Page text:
Fear of death affects us all, and so pastors have significant hurdles to overcome. What Christians need today is a renewed vision of the traditional Christian funeral liturgy. In Funerals: For the Care of Souls, Tim Perry recovers the rich theology inherent to the Christian funeral: communion with the saints in death, peace in forgiveness, hope in the resurrection, and joy in life eternal. In this interview with Perry, we discuss his book and the need to recover the specifically Christian language of death and resurrection.
Lexham Press: What kind of reader did you have in mind as you were writing this book?
Tim Perry: This book is primarily written for pastors, chaplains, and anyone involved in the care of the dying and their families. When I tell people the title, ironically, they often think that it is a book about the experience and management of grief. Grief, of course, is a reality that is rightly associated with death. But, apart from some of the resources suggested at its end, this isn’t a book about grief. It is about the need especially for pastors to speak forthrightly to the souls in their care about death—its inevitability, its ubiquity, and the need to prepare for it. It is about the need to recover the specifically Christian language of death and resurrection and its impact on the spiritual and Christian formation of those who are dying—which is to say, everyone.
“This isn’t a book about grief. It is about the need especially for pastors to speak forthrightly to the souls in their care about death.”
LP: What is your own personal experience with conducting funerals?
Perry: When I entered parish ministry, I was green. I had been to many funerals, but I hadn’t conducted any. My archdeacon (area pastor) was very kind to connect me to the local funeral director. He and his brother, in turn, sent me many funerals in my first year of ministry. They covered almost every possible eventuality. Churched, unchurched, dechurched; in the church, in the chapel, at the graveside; young and old—just about every eventuality was touched on. I will always be grateful for that “sink or swim” first year. In fact, I dedicated this book to them. After that, my experience slowed to a pretty typical pace for a working pastor with the demographics of a mainline church. In 2016, I left parish ministry and returned to my hometown to help care for my father, who was by then in the final stages of metastatic colon cancer. In the midst of an “irregular” employment situation, working as on-call clergy at another funeral home, I continued to have up to four funerals per month. Since 2018, the pace has slowed, but I am still active in funeral preparation and care.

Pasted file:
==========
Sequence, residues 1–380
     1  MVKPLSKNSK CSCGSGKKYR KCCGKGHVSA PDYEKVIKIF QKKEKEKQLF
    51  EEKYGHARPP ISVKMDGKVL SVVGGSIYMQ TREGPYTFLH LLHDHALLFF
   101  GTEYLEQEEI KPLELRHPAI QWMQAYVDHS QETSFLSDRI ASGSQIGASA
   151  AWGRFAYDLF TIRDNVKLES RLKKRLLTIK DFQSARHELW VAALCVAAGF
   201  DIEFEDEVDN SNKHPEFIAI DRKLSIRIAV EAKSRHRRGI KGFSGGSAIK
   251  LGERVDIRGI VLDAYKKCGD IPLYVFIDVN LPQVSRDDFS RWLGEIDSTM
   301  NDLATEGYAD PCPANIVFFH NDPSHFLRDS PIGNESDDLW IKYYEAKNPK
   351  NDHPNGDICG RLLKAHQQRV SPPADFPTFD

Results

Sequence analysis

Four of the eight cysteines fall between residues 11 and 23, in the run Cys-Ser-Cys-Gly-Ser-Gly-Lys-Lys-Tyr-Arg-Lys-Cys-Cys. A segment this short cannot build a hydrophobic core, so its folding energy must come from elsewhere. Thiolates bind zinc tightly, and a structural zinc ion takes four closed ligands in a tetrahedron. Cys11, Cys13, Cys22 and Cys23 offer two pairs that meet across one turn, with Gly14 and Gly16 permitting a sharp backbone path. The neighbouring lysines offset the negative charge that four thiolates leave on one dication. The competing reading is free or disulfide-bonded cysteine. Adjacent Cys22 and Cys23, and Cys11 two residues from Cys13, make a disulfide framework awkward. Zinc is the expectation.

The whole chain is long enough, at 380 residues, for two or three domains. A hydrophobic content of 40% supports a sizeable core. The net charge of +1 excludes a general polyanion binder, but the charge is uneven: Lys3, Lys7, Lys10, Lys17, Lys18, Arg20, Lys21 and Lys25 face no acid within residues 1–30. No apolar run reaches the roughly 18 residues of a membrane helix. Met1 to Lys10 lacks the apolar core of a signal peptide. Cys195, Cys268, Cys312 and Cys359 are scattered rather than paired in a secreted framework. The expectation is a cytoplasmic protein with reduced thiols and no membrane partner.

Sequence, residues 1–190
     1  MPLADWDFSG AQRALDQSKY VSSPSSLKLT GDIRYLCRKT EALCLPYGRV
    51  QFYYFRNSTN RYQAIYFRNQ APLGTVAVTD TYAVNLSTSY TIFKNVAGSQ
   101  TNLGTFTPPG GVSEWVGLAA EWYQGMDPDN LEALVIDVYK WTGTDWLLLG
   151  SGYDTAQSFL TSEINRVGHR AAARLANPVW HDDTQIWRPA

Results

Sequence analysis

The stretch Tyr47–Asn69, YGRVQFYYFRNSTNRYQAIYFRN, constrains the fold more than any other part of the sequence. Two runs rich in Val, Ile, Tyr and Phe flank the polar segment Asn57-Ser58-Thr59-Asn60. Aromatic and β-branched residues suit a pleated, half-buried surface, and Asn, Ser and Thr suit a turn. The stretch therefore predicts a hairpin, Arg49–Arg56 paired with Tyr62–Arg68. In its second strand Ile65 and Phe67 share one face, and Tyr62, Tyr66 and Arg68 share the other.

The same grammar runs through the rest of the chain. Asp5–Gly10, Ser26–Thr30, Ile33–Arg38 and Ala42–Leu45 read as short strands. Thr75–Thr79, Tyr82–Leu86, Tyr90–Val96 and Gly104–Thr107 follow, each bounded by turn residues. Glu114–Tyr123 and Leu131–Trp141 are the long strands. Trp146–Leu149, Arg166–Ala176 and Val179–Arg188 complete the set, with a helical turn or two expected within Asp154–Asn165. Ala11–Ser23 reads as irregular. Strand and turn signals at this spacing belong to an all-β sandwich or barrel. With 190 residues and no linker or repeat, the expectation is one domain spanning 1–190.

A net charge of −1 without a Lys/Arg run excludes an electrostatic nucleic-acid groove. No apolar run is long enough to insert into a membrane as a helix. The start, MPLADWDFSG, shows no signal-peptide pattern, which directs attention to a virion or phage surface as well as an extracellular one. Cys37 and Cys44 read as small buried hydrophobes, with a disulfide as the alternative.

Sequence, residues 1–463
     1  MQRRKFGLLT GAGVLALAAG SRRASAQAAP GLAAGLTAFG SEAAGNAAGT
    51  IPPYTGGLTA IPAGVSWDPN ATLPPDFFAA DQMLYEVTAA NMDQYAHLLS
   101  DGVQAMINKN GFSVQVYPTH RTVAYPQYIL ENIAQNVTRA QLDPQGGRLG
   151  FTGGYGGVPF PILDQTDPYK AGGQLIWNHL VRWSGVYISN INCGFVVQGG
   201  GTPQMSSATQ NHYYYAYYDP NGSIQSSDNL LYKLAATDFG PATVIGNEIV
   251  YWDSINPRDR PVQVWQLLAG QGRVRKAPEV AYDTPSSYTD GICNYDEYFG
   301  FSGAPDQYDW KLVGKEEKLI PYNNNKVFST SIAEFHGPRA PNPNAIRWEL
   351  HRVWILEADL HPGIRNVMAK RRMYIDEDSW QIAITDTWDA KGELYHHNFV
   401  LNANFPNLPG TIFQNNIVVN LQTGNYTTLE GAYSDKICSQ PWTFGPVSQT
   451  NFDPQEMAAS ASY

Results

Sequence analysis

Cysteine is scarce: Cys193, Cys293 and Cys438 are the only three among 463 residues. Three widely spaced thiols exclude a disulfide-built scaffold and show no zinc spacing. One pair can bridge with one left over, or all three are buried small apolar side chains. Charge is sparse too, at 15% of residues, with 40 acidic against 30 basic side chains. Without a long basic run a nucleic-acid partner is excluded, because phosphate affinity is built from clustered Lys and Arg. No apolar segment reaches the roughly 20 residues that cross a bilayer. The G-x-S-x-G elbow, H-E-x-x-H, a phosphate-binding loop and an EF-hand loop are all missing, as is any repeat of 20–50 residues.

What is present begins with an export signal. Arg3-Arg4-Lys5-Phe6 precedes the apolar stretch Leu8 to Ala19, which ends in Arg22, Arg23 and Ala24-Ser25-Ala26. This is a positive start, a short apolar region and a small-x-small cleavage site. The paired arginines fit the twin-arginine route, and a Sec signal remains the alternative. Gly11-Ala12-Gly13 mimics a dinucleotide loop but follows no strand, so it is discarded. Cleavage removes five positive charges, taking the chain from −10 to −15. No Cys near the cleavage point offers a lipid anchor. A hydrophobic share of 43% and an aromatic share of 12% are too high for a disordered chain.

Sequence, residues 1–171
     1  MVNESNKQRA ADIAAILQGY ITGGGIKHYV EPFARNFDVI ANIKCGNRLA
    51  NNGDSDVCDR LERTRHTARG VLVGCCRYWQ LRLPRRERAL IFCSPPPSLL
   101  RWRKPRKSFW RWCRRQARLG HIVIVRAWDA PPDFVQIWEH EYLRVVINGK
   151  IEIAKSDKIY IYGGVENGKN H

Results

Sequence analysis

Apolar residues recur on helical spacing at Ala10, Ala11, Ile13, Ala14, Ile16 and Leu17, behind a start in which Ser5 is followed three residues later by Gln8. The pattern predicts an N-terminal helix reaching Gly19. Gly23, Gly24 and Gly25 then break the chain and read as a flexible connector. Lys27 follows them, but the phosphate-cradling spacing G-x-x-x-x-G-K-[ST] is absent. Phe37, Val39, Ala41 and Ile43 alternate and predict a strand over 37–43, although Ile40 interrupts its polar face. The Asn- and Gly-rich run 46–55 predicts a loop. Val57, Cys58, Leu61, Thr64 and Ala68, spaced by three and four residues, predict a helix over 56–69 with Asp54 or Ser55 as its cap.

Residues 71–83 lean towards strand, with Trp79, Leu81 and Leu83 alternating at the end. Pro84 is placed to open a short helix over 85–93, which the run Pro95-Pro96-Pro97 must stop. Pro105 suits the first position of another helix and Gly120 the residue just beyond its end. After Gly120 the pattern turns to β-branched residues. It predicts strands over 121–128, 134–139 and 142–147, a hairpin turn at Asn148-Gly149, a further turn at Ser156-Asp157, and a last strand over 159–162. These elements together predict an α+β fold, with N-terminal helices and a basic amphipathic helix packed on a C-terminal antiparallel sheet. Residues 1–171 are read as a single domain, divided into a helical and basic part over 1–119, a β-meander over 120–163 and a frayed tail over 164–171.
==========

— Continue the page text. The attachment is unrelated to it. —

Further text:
LP: This is far more than a practical “how-to” book on conducting funerals. Would you explain your vision for the book and why it may differ from what people may expect?
Perry: I spent the first decade of my professional life as a theologian, teaching and forming Christian undergraduates and seminarians. One thing I noticed—with increasing alarm—was the dis-integration of theology and practice. Stanley Hauerwas often asks whether we’d entrust our health care to a doctor who forsook anatomy and immunology for courses in advanced bedside manner. Why then do we entrust our souls to pastors who haven’t cracked a theology book since they left seminary? Worse, why do our seminaries employ theologians to teach ordinands who’ve never actually preached a sermon, visited a home, or buried a parishioner? The fact is, the Christian theological tradition has deep-welled-wisdom when it comes to death and dying, which are, at their core, intensely practical and pastoral. Pastors who remain ignorant of this vast soul-medicine chest will shortchange both themselves and those they care for. So, in the last third of my career, I’ve taken it as my vocation to do what little I can to re-integrate these disciplines, in my own head and heart if nowhere else. This book is the first public result.